We are taking a family vacation during this Thanksgiving week. Anything you order now will be reserved for you, and shipped on Monday Nov 27th.
Artwork Panel: 53cm x 98cm ≈ 20¾" x 38½"
Silk/Brocade: 62.2cm x 158cm ≈ 24½" x 62¼"
Width at Wooden Knobs: 71.2cm ≈ 28"Information about caring for your wall scroll
Close up view of the artwork mounted to this silk brocade wall scroll
This depicts men enjoying tea. The title suggests that it is a quality white tea (tea made from very young leaves). In the foreground, these two noble men have a servant boy tending the fire and brewing the tea for them. The scene suggests that these men are enjoying the tea and discussing philosophy or poetry (very common activities in ancient China before TV was invented).
After the title "Quality Young Tea Leaves", the rest of the Chinese characters indicate the year painted (2008) and the artist's signature.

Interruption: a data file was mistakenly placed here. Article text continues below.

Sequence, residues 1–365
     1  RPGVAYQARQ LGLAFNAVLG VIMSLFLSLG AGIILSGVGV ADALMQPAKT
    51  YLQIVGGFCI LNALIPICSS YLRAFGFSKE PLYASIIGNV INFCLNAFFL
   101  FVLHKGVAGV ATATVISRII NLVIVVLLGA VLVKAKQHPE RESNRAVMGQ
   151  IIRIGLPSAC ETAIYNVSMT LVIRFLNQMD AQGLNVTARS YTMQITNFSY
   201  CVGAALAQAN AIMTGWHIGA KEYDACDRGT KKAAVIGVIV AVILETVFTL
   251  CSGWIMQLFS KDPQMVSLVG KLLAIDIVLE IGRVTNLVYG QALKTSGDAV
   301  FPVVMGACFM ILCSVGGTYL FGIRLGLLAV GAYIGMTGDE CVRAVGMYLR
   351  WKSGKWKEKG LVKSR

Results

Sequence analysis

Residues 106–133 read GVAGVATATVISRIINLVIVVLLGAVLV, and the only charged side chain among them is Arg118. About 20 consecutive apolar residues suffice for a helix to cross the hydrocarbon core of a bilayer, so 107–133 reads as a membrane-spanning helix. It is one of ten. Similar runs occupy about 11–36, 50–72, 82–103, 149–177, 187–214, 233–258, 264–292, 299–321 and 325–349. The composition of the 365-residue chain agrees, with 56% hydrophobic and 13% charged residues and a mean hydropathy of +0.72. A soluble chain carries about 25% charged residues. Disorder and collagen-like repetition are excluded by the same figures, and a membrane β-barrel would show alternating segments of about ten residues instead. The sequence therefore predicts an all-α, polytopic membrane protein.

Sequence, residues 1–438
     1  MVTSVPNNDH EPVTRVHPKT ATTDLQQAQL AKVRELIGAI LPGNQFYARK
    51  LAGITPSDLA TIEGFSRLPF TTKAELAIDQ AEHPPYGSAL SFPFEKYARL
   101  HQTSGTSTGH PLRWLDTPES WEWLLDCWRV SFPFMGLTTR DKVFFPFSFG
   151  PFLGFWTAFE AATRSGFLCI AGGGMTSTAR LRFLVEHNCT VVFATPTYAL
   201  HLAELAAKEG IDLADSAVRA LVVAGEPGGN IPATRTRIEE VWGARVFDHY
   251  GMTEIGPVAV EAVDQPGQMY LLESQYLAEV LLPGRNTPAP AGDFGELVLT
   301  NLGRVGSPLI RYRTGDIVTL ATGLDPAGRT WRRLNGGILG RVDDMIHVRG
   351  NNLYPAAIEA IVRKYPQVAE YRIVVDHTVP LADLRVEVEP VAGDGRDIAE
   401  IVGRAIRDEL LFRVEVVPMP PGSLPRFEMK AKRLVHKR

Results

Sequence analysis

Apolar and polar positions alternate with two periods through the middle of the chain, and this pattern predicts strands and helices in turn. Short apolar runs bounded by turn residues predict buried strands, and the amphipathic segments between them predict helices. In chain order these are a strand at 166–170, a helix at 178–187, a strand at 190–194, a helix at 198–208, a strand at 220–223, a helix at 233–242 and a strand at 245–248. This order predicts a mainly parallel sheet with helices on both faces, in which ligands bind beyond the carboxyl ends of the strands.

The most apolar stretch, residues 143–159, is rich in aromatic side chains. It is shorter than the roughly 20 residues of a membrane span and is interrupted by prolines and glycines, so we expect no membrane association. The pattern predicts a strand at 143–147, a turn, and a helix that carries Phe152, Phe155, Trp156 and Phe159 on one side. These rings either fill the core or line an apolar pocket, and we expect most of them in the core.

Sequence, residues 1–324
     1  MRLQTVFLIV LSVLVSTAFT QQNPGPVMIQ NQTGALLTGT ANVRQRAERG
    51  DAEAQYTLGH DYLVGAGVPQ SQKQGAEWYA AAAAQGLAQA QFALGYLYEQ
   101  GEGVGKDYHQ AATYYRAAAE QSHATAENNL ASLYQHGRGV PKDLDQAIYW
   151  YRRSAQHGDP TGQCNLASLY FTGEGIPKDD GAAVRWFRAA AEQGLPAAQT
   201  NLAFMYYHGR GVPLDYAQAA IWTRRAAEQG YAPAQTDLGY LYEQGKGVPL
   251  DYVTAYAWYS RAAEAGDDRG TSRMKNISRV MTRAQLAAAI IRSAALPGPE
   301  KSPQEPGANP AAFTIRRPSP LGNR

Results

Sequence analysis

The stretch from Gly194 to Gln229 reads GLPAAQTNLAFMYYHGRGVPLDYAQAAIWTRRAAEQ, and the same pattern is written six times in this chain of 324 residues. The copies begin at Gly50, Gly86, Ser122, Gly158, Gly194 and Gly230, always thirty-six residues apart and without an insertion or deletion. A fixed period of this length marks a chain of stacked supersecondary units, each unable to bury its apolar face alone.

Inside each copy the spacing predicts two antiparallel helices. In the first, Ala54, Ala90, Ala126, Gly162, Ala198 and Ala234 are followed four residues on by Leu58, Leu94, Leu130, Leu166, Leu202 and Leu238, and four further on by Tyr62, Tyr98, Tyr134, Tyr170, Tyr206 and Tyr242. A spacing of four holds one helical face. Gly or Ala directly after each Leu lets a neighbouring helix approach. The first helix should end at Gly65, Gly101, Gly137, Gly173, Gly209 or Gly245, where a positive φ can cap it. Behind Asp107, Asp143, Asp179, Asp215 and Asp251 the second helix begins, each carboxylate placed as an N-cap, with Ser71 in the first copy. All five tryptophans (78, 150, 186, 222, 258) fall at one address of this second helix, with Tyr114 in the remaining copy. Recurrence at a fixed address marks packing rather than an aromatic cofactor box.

This was painted by (Shou Shi) from Guilin, China. This artist happens to also be a master calligrapher. Both his calligraphy and artwork are of excellent quality.
He happens to be a friend of artist Ou-Yang Guo-De, and was introduced to me in 2007.
We make our own handmade wall scrolls at our workshop in Beijing. Each one is carefully made with high-quality materials.
Learn more here: Asian Art Mounting Workshop.
This item was listed or modified
Jan 13th, 2012
Gary's random little things about China:
So after traveling to China, you have just finished your first meal in a real Chinese restaurant.
But the bill comes, and the waiter forgot to bring everyone their fortune cookies!
Well, actually not...
You see, fortune cookies did not come from China (at least not directly).
One legend has it in the late 1800s or early 1900s, a Chinese man running a noodle making shop in San Francisco accidentally mixed a bunch of sugar in his dough, and didn't want to waste it. So he made cookies and stuck papers with people's fortunes on them as a novelty.
In the end, it's really the Chinese visitors to America that are confused when the waiter brings them a blob of sugary noodle dough with a piece of paper stuck in it.